"The Bank Loan/Floating rate bond oef, that I would most likely invest in, is MWFRX/MWFLX. It is from a stable of bond oefs, offered by Met West, and it has an established history of being managed very conservatively, at least "conservative" for a sector HY bond category."

    Yep, that is what I said in January, and M* does rate it as a "Low Risk" fund. M* does not seem to think as highly of this fund, based on its fund analysis commentary. So, when I listed FFRHX, PRFRX, and SAMBX, on this thread, I did so because M* fund analysis statements are very complimentary of these 3 funds. There are many good BL/FR funds, so it ultimately depends on what the OP would be comfortable with, after he does his own due diligence.
  • M* does not seem to think as highly of this fund [MWFRX/MWFLX], based on its fund analysis commentary.

    That would be M*'s artificial "intelligence" program. The one that doesn't like MWFLX because while its "view" of the fund's process is above average, and its "view" of the fund's management (people) is above average, it "regards" the fund family (MetWest/TCW as just average). Who here would look less favorably on a bond fund because it's part of the MetWest family?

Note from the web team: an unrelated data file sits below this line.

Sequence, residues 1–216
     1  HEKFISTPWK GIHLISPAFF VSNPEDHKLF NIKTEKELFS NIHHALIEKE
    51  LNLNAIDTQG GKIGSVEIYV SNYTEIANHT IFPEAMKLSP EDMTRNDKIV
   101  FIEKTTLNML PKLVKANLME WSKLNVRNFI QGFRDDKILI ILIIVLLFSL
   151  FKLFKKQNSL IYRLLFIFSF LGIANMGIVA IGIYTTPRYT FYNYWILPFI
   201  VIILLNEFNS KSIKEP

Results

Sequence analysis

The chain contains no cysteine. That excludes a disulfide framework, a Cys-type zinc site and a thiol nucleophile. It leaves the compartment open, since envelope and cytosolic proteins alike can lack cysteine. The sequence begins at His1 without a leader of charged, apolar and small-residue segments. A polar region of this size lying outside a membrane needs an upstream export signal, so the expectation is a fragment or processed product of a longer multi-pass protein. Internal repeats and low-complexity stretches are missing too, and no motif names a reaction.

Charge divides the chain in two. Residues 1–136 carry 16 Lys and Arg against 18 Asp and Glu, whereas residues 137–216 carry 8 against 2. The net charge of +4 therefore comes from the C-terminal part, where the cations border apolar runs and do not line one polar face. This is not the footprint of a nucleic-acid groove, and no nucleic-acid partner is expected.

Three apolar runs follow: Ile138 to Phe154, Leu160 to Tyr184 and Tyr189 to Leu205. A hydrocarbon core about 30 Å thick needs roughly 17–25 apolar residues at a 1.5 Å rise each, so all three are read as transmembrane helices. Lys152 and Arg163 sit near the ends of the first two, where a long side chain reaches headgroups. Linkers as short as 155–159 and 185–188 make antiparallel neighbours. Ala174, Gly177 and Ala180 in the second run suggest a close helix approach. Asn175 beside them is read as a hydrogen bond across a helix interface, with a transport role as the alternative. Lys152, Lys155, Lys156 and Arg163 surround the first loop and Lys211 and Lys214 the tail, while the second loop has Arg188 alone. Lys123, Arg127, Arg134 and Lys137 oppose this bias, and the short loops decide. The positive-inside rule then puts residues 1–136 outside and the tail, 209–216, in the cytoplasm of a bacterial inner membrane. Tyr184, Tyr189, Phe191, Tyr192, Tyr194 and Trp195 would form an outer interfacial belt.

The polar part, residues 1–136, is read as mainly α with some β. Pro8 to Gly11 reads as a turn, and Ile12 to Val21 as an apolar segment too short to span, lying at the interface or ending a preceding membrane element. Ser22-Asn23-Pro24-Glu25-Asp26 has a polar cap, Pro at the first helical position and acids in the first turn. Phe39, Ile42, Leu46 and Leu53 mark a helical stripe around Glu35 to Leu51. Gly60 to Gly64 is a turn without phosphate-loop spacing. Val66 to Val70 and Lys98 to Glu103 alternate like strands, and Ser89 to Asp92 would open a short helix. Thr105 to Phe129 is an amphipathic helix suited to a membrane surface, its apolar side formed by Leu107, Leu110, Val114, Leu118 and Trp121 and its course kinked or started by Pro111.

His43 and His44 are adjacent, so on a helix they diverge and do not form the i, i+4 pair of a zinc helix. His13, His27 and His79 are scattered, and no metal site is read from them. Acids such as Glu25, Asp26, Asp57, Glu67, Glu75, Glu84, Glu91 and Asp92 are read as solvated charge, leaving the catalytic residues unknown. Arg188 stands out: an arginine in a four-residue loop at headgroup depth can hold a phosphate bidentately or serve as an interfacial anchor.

We can go into a bit more depth on the process "analysis". The computer "opines" that the fund is overweight in corporate bonds. That's true. Bank loan funds are typically comprised entirely of corporates and cash. This fund happens to be more fully invested (less cash) than the typical bank loan fund. Nothing more significant than that.

    It "observes" that the fund overweights BBB rated bonds relative to peers. A more complete observation would have been that it has 10% fewer B bonds, 3% more BBs, 6% more BBBs (so it has upgraded B bonds primarily to BBBs), and 6% more AAA(!) bonds in lieu of below B and unrated bonds. Curious how it missed the 6% overweight (relative) in AAAs.

    It then claims that this upward shift in credit quality is not rewarded, because the portfolio is still scored B by M*. The M* computer has easy access to the actual numeric credit score that M* calculated. For all we know, the fund scored at the very top of M*'s B band and the typical bank loan fund scored near the bottom of the B band.